NORMAL — Republicans are likely to do well in the mid-term elections and might even gain control of the U.S. Senate, but the party’s longer term future looks dim, according to New York Times journalist and political commentator David Brooks.
In the Twin Cities to deliver the Adlai Stevenson Memorial Lecture on Tuesday night at Illinois Wesleyan University, Brooks gave a brief talk followed by a question-and-answer session at Illinois State University earlier in the day.
Asked if he was drifting to the middle, the conservative columnist said, “I feel the Republican Party is drifting more to the right and I’m staying put.”
Because turnout among older white males, a strong demographic for the Republican Party, tends to be higher than other groups in years without a presidential election, Brooks said Republicans probably will do well — which might lead party leaders to think, “Oh, we don’t have to reform.”
But Brooks said the demographic groups and regions where Republicans are strong are shrinking, while the ones that are growing — such as a Hispanics, single people and young people — are where Republicans do poorly.
“The energy of the party is in the most insular parts of the party,” he said. “They’re driving the debate off to the right.”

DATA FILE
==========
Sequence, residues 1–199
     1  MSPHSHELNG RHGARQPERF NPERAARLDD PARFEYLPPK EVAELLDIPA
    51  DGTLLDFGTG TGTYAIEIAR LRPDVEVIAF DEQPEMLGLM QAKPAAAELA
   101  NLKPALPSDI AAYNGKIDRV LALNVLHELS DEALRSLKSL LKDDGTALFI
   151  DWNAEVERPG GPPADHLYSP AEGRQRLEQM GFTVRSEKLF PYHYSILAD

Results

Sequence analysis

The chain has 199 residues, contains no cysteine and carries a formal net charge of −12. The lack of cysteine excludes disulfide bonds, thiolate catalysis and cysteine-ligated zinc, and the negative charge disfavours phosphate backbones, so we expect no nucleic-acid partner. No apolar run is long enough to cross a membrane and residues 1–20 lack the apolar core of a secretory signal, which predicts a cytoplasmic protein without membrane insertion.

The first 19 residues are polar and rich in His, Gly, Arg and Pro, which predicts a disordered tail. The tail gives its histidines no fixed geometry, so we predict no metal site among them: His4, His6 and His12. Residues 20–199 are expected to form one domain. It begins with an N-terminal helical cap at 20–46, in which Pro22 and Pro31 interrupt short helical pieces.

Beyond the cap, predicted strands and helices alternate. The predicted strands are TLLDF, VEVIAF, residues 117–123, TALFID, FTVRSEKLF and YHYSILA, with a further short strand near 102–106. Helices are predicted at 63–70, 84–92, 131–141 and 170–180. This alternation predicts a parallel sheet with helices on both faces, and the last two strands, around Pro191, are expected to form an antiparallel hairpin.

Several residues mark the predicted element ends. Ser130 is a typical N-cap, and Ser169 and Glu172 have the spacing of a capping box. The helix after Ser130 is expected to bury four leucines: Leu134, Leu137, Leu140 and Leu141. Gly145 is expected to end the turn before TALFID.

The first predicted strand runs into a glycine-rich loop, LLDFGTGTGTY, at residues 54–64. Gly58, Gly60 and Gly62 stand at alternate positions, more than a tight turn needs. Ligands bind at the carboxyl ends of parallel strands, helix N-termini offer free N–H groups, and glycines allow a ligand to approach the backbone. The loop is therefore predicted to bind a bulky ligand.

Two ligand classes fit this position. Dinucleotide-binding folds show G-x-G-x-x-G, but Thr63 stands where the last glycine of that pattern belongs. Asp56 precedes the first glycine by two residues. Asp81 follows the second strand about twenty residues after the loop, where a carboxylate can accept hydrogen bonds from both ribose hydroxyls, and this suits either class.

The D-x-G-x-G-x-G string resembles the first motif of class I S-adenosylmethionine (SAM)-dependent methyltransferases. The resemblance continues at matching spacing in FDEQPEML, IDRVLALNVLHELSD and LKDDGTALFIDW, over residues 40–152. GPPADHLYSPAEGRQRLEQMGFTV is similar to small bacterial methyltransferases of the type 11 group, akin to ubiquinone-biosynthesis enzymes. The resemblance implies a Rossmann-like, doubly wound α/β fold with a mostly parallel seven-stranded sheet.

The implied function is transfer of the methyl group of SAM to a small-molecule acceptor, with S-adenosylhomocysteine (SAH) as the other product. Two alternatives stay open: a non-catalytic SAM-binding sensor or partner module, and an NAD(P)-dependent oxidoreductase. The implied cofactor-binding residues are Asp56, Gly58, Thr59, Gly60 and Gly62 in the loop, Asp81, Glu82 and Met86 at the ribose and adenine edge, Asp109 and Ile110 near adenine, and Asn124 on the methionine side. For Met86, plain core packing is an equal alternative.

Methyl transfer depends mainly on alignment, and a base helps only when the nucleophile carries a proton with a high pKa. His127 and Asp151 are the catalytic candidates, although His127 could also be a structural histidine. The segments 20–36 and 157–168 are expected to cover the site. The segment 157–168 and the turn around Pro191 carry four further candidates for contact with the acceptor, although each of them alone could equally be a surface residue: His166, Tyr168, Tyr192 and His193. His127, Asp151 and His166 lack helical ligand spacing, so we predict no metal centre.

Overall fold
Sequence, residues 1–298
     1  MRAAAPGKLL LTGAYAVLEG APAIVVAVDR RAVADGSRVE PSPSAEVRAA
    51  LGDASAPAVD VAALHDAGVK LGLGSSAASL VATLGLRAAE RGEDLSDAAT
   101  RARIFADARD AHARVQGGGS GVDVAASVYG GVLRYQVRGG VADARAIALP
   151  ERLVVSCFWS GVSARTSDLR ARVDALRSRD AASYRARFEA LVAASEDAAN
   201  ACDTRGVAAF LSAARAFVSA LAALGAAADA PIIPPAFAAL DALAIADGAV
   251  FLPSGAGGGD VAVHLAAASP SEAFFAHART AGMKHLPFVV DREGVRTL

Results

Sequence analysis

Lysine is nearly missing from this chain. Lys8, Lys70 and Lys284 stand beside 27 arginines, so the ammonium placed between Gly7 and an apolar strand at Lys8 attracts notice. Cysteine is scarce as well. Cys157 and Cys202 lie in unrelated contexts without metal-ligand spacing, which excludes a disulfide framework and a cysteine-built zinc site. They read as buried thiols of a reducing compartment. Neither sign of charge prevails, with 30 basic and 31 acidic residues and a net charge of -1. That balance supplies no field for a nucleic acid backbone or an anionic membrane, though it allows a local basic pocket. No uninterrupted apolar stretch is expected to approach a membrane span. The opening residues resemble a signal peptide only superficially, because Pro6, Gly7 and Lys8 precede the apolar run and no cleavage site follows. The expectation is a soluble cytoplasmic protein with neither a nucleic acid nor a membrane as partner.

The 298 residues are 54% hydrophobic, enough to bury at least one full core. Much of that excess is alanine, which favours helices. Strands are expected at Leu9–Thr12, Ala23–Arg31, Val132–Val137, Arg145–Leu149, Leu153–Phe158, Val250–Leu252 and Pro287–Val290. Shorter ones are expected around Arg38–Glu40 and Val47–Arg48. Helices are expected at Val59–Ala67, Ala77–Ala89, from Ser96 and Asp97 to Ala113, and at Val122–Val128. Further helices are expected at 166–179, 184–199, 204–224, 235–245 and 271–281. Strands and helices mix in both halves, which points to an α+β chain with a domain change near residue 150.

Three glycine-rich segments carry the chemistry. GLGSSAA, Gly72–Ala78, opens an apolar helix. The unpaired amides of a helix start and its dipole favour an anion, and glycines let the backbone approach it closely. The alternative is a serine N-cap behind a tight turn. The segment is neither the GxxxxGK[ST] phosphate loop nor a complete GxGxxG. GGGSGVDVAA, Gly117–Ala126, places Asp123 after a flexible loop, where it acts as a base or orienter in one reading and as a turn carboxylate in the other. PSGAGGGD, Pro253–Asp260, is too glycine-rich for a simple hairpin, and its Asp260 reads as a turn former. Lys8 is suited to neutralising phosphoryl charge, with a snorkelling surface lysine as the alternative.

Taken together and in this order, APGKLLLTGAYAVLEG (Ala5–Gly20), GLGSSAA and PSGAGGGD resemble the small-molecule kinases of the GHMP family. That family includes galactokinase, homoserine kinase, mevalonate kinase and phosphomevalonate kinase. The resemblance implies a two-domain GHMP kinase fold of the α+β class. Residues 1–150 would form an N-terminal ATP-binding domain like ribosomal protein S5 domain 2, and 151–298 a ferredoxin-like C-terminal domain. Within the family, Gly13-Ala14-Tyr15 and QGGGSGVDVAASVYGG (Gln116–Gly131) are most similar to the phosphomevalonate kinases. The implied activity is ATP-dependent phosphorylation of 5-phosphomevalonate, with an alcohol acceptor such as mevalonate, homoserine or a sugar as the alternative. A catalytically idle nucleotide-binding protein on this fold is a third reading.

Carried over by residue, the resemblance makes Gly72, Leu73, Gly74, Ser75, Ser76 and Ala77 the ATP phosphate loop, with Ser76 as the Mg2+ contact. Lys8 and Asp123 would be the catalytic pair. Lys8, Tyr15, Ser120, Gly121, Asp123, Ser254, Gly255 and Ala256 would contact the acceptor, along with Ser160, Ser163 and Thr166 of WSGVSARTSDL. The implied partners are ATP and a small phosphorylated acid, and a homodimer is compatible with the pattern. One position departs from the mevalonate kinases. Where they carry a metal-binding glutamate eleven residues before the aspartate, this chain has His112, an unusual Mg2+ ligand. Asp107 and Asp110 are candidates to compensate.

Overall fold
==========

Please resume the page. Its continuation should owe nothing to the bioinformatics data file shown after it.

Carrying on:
If the Republican Party wants to broaden its base, regain the White House and strengthen its hand in Congress, it needs to support immigration reform and back a social mobility agenda with pro-family measures, such as a larger child tax credit, and entitlement reform, Brooks said.
Asked about signs of improvement in government today, Brooks said, “In politics, I really can’t offer much sign of encouragement.”
He said, “It’s as bad as we’ve ever seen the political system” and there is “plenty of blame to go around.”
However, he does think Republicans and Democrats will reach a compromise to avoid a government shutdown.
“I don’t think we’re going to go over the brink,” Brooks said. “Neither one wants to go over the edge.”